Be a rainmaker: Develop the mindset that keeps business coming in the door

What is the most difficult position to fill in a small business? Many business owners say that finding and keeping effective sales staff is one of their biggest challenges. This is especially true when the product or service for sale is complex or is a hard sell for whatever reason, and the potential buyers are smart, discriminating and perhaps even (dare we say) dubious about buying.

Many small business owners are so reluctant to hire someone who may not generate sales sufficient to justify the position that they remain the chief generator of sales – the rainmaker. But problems arise when the business owner does not love selling.

Does that sound like you?

If so, I’d like to share a few strategies and a mindset I’ve developed during nearly three decades of bootstrapping my business-to-business company, in large part through my own sales efforts

1.    As a business owner, you are in the position to make sure you believe in what you are selling. If you do not believe in your offerings, tweak them until you do. There is little worse than selling products in which you have no faith.

2.    Sorry, no one cares that you need the sale. Your mission is to find out what your prospect does care about. Find out what she worries about or needs to accomplish but hasn’t. How can you help her? She wants to access that help. (Selling life insurance is a classic example. Hardly anyone wakes up in the morning and says, “You know what I’d like to buy today and then pay for over the next 20 years? Life insurance!” The life insurance agent has to monetize the powerful desire to take care of your family even if you die young. He has to highlight the scary fact that, if you were to become ill, it would likely be too late to buy life insurance. The agent is playing on love and fear. What inspires your prospects?

3.    Be consultative. You have a product or service of value, and are offering to provide it to people who need it. You are an expert with information or assets at hand. Hold your head high and proceed confidently.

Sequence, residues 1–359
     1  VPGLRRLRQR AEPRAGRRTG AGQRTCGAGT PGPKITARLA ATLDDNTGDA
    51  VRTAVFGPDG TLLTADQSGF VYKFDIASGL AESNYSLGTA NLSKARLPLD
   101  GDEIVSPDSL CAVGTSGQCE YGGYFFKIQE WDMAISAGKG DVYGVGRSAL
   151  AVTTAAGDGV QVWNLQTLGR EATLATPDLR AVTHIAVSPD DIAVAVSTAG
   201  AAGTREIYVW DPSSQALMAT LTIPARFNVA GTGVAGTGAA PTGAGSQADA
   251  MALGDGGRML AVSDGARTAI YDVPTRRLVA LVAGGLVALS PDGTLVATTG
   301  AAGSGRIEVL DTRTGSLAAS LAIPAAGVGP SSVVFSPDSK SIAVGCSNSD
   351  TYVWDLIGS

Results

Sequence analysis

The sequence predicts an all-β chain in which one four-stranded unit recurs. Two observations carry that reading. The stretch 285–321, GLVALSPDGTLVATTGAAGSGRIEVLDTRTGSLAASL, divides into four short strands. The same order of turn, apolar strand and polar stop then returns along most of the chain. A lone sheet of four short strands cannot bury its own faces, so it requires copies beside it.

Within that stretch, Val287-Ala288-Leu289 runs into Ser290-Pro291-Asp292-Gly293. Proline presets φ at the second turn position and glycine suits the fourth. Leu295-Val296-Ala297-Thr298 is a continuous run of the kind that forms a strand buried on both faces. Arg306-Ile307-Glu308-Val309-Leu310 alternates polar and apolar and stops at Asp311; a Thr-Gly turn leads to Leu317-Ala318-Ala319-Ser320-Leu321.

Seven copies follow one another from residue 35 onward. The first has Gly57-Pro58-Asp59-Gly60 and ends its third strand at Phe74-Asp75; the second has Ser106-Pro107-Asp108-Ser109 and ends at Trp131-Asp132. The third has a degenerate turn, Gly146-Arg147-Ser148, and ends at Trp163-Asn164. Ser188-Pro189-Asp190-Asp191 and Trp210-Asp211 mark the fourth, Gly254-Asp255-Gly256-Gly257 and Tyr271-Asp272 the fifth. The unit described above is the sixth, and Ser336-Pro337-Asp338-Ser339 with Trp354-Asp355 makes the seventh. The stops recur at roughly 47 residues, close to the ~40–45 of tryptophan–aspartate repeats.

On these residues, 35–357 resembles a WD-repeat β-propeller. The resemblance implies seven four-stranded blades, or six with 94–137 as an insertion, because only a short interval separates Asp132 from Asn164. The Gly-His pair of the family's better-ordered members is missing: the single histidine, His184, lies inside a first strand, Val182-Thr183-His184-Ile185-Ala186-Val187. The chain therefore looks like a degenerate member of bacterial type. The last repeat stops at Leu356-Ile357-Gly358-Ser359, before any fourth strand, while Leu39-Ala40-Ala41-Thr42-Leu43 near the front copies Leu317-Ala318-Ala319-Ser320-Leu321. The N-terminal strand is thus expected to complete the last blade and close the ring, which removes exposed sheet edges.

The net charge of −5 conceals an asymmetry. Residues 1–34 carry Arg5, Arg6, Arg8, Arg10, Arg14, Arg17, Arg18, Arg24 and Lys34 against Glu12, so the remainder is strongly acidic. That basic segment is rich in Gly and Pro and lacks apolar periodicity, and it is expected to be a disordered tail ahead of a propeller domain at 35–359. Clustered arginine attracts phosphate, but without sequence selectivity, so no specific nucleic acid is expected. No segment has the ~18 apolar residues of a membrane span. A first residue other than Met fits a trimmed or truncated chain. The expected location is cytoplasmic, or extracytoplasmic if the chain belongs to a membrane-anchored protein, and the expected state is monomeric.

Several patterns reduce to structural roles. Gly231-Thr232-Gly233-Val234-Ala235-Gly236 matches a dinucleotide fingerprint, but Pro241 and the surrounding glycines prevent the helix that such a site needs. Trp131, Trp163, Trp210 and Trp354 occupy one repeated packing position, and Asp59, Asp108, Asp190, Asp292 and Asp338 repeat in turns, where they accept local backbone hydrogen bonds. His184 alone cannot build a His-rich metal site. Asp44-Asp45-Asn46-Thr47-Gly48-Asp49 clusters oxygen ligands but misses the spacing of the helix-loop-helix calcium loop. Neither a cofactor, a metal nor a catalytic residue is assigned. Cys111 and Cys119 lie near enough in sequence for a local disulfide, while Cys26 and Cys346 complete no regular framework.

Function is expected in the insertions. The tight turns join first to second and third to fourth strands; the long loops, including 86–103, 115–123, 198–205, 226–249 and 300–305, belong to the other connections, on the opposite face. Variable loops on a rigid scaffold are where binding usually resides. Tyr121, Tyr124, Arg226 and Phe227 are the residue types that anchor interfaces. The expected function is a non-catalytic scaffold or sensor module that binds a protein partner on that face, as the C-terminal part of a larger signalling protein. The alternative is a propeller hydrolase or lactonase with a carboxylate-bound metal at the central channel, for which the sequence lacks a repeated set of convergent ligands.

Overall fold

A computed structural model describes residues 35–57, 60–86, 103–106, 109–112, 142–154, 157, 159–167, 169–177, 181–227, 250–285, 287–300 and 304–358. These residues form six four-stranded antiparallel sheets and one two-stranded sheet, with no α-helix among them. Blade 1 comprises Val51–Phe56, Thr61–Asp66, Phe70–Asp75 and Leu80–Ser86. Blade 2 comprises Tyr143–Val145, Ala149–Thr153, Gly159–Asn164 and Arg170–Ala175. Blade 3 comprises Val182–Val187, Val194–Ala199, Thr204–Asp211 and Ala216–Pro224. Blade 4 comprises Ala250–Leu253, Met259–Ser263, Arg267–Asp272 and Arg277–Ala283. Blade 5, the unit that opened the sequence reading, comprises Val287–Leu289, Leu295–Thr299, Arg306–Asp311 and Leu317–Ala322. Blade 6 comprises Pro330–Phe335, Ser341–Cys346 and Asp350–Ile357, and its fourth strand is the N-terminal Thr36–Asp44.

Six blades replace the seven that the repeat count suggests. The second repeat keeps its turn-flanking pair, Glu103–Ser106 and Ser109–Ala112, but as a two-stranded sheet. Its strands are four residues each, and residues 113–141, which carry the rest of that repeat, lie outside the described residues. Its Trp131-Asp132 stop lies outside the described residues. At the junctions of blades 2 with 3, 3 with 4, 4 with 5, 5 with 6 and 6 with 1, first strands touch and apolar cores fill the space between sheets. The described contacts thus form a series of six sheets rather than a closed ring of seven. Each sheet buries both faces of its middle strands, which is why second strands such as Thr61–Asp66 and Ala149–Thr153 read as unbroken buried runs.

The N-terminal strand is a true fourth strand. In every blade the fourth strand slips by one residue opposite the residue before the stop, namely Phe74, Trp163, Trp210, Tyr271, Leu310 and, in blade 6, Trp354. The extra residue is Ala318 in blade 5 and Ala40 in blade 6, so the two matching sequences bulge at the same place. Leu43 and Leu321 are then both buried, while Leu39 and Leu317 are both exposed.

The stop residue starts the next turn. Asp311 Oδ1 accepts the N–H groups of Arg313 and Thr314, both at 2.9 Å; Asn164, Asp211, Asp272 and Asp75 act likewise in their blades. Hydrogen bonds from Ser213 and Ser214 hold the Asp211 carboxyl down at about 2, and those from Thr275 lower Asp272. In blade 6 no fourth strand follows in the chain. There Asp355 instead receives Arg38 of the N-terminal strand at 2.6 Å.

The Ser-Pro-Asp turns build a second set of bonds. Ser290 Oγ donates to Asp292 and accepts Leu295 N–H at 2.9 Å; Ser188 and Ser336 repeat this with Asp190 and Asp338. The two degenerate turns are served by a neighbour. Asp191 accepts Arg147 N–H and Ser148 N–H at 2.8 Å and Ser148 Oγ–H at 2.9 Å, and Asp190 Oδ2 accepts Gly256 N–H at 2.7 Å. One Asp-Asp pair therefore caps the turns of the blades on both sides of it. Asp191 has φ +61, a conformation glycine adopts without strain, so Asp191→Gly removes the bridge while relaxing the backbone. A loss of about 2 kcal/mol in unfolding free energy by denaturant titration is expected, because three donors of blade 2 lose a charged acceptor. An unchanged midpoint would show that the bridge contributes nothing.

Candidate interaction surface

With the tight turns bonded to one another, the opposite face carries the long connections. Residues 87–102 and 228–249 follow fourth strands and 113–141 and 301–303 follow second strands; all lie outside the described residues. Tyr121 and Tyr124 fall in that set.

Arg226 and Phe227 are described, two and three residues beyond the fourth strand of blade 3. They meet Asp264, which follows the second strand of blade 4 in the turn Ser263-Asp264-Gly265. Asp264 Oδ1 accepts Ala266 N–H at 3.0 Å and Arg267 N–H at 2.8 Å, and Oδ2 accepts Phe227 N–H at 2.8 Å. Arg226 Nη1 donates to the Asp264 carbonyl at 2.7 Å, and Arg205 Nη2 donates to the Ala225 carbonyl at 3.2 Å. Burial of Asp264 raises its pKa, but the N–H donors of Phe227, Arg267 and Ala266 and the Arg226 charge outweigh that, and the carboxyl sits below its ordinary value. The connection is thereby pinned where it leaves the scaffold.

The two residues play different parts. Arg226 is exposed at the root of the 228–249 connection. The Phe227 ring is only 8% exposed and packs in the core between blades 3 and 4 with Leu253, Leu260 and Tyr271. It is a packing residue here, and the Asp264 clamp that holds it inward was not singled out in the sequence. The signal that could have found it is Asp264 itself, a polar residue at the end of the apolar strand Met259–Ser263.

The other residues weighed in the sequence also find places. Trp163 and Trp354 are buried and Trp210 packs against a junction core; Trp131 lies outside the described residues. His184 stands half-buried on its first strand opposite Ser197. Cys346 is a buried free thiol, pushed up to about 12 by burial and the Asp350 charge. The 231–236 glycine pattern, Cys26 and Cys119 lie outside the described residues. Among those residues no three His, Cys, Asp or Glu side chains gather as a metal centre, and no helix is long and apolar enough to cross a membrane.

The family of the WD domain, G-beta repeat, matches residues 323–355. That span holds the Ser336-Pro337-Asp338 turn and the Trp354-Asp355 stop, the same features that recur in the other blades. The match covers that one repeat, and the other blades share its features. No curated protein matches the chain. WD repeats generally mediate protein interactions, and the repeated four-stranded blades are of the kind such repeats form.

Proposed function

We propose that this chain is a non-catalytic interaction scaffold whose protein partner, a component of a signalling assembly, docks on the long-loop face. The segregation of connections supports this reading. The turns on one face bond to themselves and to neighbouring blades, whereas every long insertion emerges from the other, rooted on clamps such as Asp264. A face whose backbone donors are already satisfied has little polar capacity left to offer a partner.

4.    The concepts that “no one answers the phone” and “no one reads emails from strangers” do not constitute reasons not to use these basic sales tools. In my company’s sales outreach to prospective business clients, we often receive responses to emails we’ve sent and to voicemails we’ve left. Use the phone and email, perhaps in combination, to ask for a very brief discussion with your prospect. Take small steps toward building your prospect’s awareness and trust.

5.    Don’t badger. There is a not-so-fine line between persistence and being a pain. Determine the frequency of contact attempts that works in your business, and the number of touch points it typically takes to get to that required next step (meeting, request for proposal, etc.).

6.    Learn to hear “no” and move on. Some people make clear that they are not interested and never will be. Many more waffle and put you off, and off… and off. It’s okay to keep lightly in touch with undecided prospects, but don’t spend too much time repeatedly calling people who are always happy to talk but never progress to buying.

7.   Devote time during most workdays to sales. Once you have achieved your goals for the day (perhaps the number of calls you make or emails you send, or the number of new meetings you set up) stop. Take a walk, have a coffee or give yourself some other minor reward, and move on to other projects.

8.    Get a thicker skin. Most sales rejection is not about you. In contrast, most sales successes are at least in part about you.

Perhaps sales will get into your blood and become a favorite part of your day. Perhaps the adrenalin rush of making sales will make the slog worthwhile. Or perhaps the sales process will remain simply a necessity. In any case, becoming proficient at sales is an achievement that can take a lifetime. Doing it well is an art.

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Michelle van Schouwen is president of van Schouwen Associates, LLC, a B2B marketing company based in Longmeadow, MA. The company is known for vSALaunch™, its proprietary, modular and scalable system for B2B marketing launches, as well as its expertise in integrated marketing for B2B. Contact Michelle at michelle@vsamarketing.com.

© 2014 Michelle van Schouwen

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